Since it will be orbiting so close to the Earth, its potential for testing solar sails as propulsion is not the focus of the mission; however, the deployment of a solar sail is itself a huge engineering challenge. Nanosail-D will be the perfect experiment to test out whether the method NASA will be using to unfurl the sail is workable in space.
Immediately after the ejection earlier today, a timer started a three-day countdown. Once it reaches zero, it will go boom – that is, four booms will spring out from the small satellite, and within five seconds the sail will be fully extended to its 100 square foot (10 square meter) sail-span.
Dean Alhorn, NanoSail-D principal investigator and aerospace engineer at the Marshall Space Flight Center explains on the mission page, “The deployment works in the exact opposite way of carpenter’s measuring tape. With a measuring tape, you pull it out, which winds up a spring, and when you let it go it is quickly pulled back in. With NanoSail-D, we wind up the booms around the center spindle. Those wound-up booms act like the spring. Approximately seven days after launch, it deploys the sail off the center spindle.”
There have been other attempts at launching and deploying solar sails before, but once deployed, Nanosail D will be the longest-running solar sail experiment yet attempted. Both JAXA and the Russian space agency have deployed successful solar sail experiments.
JAXA launched a clover-shaped sail aboard a sounding rocket in 2004, and the experiment lasted about 400 seconds. They also launched the IKAROS spacecraft in May, 2010, which is currently en-route to Venus, and will fly to the opposite side of Sun from Earth. The Russians deployed a 20-meter diameter mirror successfully aboard the Progress M-15 resupply mission to Mir in 1993. Named Znamya 2, the mirror cast a 5km (3 mile)-wide bright spot on the ground that swept across southern France to western Russia, and orbited for several hours before burning up.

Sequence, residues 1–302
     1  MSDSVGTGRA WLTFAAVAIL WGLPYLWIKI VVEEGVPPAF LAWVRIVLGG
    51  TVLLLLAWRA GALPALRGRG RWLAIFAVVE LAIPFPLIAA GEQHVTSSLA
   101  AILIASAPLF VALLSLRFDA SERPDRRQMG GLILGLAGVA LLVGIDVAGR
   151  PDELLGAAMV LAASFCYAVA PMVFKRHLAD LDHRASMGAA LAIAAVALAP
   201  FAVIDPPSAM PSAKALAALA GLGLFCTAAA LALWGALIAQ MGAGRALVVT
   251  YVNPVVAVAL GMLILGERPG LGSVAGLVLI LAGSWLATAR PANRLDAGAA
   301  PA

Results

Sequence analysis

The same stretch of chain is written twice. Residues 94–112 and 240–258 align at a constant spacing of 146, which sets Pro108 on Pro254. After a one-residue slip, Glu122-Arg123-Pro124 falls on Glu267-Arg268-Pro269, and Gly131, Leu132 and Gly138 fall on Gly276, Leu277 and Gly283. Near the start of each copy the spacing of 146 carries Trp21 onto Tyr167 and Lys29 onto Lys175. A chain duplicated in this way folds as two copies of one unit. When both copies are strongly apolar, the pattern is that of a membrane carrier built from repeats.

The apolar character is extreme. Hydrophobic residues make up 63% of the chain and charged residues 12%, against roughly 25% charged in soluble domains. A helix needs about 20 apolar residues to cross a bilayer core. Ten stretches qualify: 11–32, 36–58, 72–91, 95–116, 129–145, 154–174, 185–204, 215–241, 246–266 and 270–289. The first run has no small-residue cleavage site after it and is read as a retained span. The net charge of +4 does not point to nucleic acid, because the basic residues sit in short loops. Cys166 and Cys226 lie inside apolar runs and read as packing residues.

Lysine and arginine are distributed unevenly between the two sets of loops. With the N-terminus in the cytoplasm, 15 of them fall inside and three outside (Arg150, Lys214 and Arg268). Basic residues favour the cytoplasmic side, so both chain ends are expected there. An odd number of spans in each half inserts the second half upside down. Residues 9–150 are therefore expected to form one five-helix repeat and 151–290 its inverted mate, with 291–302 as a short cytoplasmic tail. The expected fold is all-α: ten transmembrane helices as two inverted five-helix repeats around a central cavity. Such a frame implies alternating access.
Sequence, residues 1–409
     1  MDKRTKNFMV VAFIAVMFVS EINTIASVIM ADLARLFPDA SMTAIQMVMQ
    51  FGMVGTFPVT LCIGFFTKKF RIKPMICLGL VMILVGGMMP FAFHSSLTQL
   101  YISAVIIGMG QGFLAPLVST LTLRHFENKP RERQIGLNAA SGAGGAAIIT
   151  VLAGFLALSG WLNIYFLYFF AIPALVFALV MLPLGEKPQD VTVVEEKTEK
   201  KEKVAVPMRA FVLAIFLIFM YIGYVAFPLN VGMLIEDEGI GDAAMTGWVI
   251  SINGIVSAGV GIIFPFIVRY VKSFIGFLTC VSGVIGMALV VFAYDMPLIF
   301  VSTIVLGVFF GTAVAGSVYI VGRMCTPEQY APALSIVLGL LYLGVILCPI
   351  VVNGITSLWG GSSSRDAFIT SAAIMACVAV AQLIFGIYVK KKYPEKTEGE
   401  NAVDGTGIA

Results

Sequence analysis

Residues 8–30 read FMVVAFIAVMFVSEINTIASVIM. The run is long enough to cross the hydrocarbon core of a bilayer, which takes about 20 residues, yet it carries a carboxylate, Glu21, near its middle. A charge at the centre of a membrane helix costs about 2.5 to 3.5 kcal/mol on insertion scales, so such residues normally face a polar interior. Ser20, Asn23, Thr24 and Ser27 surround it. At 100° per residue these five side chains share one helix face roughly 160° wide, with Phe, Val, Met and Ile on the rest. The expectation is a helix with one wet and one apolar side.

The Planetary Society is probably the most vocal and enthusiastic organization in support of solar sail technology. They are currently developing a solar sail similar to that of Nanosail-D, called Lightsail-1. The society attempted a launch of a solar sail called Cosmos 1 in 2005, but the rocket carrying the satellite did not fire during its second stage, and the craft was lost.
Nanosail-D is in its second iteration. The first spacecraft was commissioned in early 2008, and the team – astrophysicists and engineers at the Marshall Space Flight Center and the Ames Research Center – had four months to put together a workable satellite. It launched aboard a Falcon 1 rocket in August of 2008, but the rocket burned up in the atmosphere. If engineers are good at one thing, it’s redundancy – the team had constructed a second Nanosail-D, and had ample time to work out some of the bugs and develop the technology even more.
The Planetary Society almost had a chance to launch Nanosail-D, according to Louis Friedman, executive director of the The Planetary Society, they were contacted by the team developing Nanosail-D after the failed initial launch attempt, and asked if they would like to help launch the second Nanosail-D spacecraft. The Planetary Society agreed, but the team then found space aboard the FASTSAT launch. Consequently, Lightsail-D was borne out of this brief collaboration.
The timer is silently counting down what promises to be an exciting mission, and potential milestone in the future of spaceflight. Watch this space for further developments on the mission.